Mahinda Rajapaksa’s spokesperson Bandula Jayasekara confirmed today that the 66-year-old president, whose government has been accused of committing war crimes, is planning to come to Britain shortly and may even attend the Games’ opening ceremony on Friday evening.
Mr Rajapkasa’s presence in the UK has often prompted large demonstrations from Britain’s Tamil community who accuse his government of carrying out widespread atrocities against civilians and combatants during the 2009 war that finally wiped out the Tamil Tiger insurgency.
The United Nations says both sides committed war crimes during the conflict’s brutal close which brought the Tamil Tiger’s three decade campaign for an independent state crashing to the ground.
Investigators found evidence that Tamil Tigers used child soldiers and civilians as human shields whilst Sri Lankan government forces stand accused of deliberately shelling civilian areas, summarily executing both Tamil Tigers and civilians and committing widespread sexual violence.
The threat of Tamil protests will inevitably be of concern to the Metropolitan Police because of the community’s ability to field huge numbers of demonstrators at such short notice. During the 2009 war, Tamil campaigners used mobiles phones to launch a surprise occupation of Parliament Square that lasted more than sixty days.
During Mr Rajapaksa’s last visit to Britain for the Queen jubilee, hundreds of protesters brought traffic to a halt when they gathered outside the Commonwealth and a hotel in Park Lane where the President was staying.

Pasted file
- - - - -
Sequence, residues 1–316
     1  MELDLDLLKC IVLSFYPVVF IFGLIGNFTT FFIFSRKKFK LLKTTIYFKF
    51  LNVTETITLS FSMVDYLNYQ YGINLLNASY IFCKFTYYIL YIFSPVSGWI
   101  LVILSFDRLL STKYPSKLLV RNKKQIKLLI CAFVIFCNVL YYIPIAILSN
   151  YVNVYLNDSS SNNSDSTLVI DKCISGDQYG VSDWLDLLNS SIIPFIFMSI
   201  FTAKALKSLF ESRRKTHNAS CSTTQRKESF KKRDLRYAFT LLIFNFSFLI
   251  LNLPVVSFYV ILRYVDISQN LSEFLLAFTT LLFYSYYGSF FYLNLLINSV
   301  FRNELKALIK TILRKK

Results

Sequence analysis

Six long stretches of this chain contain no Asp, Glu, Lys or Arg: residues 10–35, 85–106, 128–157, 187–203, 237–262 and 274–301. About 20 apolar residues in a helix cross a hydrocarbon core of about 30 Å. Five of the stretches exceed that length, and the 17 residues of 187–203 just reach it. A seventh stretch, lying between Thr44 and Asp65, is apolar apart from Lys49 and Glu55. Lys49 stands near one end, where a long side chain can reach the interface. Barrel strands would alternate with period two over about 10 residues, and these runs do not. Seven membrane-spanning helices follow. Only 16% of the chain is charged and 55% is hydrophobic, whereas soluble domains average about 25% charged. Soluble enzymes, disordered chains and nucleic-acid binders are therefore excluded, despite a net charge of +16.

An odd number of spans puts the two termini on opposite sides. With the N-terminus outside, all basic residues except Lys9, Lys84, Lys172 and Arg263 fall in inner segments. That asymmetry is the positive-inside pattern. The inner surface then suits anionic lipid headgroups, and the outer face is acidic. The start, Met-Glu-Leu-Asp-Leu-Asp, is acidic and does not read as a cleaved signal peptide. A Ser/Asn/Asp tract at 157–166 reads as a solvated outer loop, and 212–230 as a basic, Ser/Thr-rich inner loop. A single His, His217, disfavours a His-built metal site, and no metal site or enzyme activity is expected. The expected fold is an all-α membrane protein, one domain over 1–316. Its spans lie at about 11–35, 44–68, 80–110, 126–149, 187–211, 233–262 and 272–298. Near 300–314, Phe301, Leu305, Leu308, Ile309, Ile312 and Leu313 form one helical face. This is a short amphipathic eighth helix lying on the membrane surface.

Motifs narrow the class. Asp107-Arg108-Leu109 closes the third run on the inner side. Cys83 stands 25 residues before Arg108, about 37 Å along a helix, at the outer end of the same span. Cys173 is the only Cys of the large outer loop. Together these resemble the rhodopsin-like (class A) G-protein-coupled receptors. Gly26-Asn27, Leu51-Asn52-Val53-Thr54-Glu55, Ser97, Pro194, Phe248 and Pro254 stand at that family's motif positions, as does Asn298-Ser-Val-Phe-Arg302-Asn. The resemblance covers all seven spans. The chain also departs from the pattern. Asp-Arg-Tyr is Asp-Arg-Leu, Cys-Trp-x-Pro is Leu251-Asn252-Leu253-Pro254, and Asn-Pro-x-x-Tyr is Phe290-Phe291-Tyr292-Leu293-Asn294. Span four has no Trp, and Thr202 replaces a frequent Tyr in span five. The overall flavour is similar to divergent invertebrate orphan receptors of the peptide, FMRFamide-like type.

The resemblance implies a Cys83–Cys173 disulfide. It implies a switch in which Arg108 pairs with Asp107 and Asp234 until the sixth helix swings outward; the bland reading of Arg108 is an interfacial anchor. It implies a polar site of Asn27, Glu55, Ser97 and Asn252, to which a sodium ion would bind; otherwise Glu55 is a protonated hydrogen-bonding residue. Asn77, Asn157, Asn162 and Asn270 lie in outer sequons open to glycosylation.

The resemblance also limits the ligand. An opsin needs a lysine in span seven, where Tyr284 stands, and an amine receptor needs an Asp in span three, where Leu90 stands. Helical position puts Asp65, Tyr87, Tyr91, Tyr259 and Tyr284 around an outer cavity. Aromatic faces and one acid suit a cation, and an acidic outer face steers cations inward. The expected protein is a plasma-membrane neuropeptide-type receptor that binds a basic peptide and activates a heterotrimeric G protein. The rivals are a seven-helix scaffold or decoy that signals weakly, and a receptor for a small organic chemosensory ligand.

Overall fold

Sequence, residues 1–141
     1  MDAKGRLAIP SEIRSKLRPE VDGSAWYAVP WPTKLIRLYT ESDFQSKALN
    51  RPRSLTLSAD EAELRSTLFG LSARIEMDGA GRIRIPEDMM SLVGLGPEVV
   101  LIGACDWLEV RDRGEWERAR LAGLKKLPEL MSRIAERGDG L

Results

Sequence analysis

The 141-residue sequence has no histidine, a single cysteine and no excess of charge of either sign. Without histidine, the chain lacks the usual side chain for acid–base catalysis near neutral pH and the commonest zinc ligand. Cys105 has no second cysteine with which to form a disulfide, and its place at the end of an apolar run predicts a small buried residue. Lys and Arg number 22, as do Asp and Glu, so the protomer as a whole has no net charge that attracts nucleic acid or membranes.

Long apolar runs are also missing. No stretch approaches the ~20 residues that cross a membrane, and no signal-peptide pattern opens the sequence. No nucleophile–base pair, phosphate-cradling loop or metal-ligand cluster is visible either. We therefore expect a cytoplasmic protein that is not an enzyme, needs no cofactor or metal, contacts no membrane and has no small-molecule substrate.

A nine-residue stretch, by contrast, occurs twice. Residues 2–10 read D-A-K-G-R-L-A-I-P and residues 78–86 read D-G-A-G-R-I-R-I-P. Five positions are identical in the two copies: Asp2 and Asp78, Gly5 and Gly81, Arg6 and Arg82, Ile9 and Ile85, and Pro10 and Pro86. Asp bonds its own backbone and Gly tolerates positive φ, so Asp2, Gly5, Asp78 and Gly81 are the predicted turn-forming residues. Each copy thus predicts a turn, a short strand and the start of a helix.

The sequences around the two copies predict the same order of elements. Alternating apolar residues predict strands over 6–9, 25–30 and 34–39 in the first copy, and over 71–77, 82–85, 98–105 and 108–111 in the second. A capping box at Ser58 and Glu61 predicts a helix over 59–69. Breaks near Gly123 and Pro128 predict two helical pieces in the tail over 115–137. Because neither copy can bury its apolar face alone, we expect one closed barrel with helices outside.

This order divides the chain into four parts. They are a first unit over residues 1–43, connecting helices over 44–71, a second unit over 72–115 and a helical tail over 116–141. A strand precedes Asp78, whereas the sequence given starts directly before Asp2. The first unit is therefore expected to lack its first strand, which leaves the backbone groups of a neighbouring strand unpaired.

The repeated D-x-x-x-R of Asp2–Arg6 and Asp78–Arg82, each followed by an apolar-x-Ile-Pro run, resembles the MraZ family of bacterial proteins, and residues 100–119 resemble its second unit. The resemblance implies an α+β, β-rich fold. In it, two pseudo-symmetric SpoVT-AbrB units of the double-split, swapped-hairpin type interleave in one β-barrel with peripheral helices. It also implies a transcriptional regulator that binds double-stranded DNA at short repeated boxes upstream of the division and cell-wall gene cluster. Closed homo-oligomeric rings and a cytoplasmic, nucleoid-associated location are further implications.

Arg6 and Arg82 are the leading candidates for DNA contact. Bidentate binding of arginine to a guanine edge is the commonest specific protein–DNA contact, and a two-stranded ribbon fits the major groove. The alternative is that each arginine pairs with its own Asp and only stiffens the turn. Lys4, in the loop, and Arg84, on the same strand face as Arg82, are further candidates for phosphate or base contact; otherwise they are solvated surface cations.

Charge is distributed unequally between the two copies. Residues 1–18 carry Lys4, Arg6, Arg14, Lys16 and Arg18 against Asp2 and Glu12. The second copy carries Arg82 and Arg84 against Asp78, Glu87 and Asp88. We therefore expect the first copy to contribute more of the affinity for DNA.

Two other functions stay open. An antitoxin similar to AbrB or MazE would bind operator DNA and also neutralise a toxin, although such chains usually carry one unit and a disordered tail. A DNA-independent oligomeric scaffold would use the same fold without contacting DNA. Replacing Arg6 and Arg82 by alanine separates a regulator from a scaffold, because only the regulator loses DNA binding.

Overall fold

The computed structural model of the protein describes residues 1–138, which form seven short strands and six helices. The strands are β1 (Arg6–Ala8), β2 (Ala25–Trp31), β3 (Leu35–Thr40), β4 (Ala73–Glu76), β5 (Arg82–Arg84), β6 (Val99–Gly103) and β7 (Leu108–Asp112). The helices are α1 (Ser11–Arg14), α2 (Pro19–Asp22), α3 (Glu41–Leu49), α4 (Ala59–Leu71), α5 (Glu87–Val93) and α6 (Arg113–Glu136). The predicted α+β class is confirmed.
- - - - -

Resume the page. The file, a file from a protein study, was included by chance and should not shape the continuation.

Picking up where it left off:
Historically Britain and Canada have been the two most popular destinations among Tamil refugees and critics of the Sri Lankan regime. As a result Britain’s Tamil community often had close links to Tamil nationalists and the Tigers themselves.
The Sri Lankan government has long accused the British authorities of not doing enough to clamp down on Tamil Tiger support and fundraising. Despite the growing wealth of evidence – including videos showing summary executions and evidence of sexual violence committed by its soldiers – Colombo has vehemently denied committing war crimes and publicly criticises those human rights groups and journalists who suggest otherwise. It has yet to allow the UN to conduct an independent investigation of war crime allegations. An independent investigation commissioned by the Sri Lankan government, meanwhile, was widely criticised by human rights groups and foreign governments for being partial and partisan.
Tamil activists contacted by The Independent today said it was likely new protests would break out if Mr Rajapaksa came to Britain.
“It is wholly inappropriate for Mr Rajapaksa to be invited to Britain and particularly the Olympics,” said Jan Jananayagam, from Tamils Against Genocide. “There is credible evidence that his government is responsible for ethnically motivated crimes against humanity and continuing persecution of other ethnic and religious groups in Sri Lanka. Just this week we released a report showing how government institutions such as the police and military under his command are involved in a systematic network of politically motivated disappearances as well as abduction for ransom.”
Suren Surendiran, from the Global Tamil Forum, said they were looking at possible legal avenues they could pursue against the Sri Lankan delegation when they arrive in Britain.
“President Rajapaksa might be getting away from being arrested by hiding behind the cover of being a head of state, anyone else joining him with blood in their hands must know that we will deploy the full breath of the legal instruments available to us upon them,” he said.